Freshman Rep. Dan CrenshawDaniel CrenshawTexas governor, top lawmakers tell Trump not to use hurricane relief funds to build border wall GOP maps out early 2020 strategy to retake House Trump on declaring national emergency: ‘Not going to do it so fast’ MORE (R-Texas) is criticizing Sen. Rand PaulRandal (Rand) Howard PaulTrump tells GOP senators he’s sticking to Syria and Afghanistan pullout Congress can stop the war on science Media fails spectacularly at smearing Rand Paul for surgery in Canada MORE, saying the Kentucky Republican gave President TrumpDonald John TrumpPentagon update to missile defense doctrine will explore space-base technologies, lasers to counter threats Giuliani: ‘I never said there was no collusion’ between the Trump campaign and Russia Former congressmen, RNC members appointed to Trump administration roles MORE “bad advice” when he suggested that the U.S. declare victory in Afghanistan and Syria.
“There are those of us who have sacrificed for our nation, who know the importance of this terrorist threat and the need to stay vigilant,” tweeted Crenshaw, a former Navy SEAL, on Wednesday. “We go there so that they don’t come here. It’s that simple.”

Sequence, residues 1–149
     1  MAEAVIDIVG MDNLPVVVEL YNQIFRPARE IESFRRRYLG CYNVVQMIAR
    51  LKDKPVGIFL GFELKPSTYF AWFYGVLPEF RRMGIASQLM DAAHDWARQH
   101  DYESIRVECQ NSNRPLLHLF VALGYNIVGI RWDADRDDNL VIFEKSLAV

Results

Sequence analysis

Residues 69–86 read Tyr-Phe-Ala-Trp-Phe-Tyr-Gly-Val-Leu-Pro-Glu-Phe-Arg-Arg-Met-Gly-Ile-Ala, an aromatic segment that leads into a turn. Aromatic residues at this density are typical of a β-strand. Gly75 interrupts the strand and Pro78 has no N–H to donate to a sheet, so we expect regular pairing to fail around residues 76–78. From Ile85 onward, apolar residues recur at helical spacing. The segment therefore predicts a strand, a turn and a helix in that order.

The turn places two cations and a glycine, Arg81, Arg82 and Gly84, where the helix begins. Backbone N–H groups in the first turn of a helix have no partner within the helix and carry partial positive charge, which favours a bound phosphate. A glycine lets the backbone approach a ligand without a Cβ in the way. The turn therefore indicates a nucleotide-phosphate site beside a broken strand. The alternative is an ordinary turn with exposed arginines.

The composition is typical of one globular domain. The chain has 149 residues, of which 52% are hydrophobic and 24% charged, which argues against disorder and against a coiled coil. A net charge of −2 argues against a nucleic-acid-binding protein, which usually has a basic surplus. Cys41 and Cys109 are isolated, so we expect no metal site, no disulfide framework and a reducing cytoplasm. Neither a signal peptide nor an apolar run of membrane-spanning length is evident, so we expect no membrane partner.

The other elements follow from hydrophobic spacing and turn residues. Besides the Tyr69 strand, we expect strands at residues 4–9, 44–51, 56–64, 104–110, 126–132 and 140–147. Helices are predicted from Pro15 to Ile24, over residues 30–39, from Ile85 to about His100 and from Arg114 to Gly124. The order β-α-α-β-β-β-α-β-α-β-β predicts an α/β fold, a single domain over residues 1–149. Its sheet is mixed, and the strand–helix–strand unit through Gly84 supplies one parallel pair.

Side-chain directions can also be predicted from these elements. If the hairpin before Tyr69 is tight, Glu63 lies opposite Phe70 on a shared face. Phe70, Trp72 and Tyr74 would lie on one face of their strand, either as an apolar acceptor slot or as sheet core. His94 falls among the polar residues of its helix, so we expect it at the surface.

@RandPaul is giving the President bad advice.
There are those of us who have sacrificed for our nation, who know the importance of this terrorist threat and the need to stay vigilant.
We go there so that they don’t come here. It’s that simple. https://t.co/L2rYvzSUYj
— Dan Crenshaw (@DanCrenshawTX) January 17, 2019
Crenshaw, who wears an eyepatch due to an injury sustained in combat, was responding to a tweet from Paul in which the senator said he has “never been prouder” of Trump.
“In today’s meeting, he stood up for a strong America and steadfastly opposed foreign wars,” Paul said. “Putting America First means declaring victory in Afghanistan and Syria. President Trump is delivering on his promises.”
Paul has long been critical of ongoing American involvement in Afghanistan and Syria.
Trump has come under scrutiny for his recent decision to withdraw U.S. troops from Syria, with some lawmakers warning that doing so could embolden ISIS and destabilize the region.
His decision came under further criticism on Wednesday after the terrorist group claimed responsibility for an attack that killed four Americans in the Syrian town of Manbij.
Trump tweeted on Dec. 19 that the U.S. had “defeated ISIS in Syria, my only reason for being there.” He posted a video the same day in which he said U.S. troops in the war-torn country are “all coming back and they’re coming back now.”
The president and administration officials have since tempered their language surrounding the withdrawal from Syria. National security adviser John Bolton earlier this month said the U.S. would not fully leave the country without the total defeat of ISIS and assurances from Turkey that it will not target U.S.-backed Kurdish fighters in Syria.
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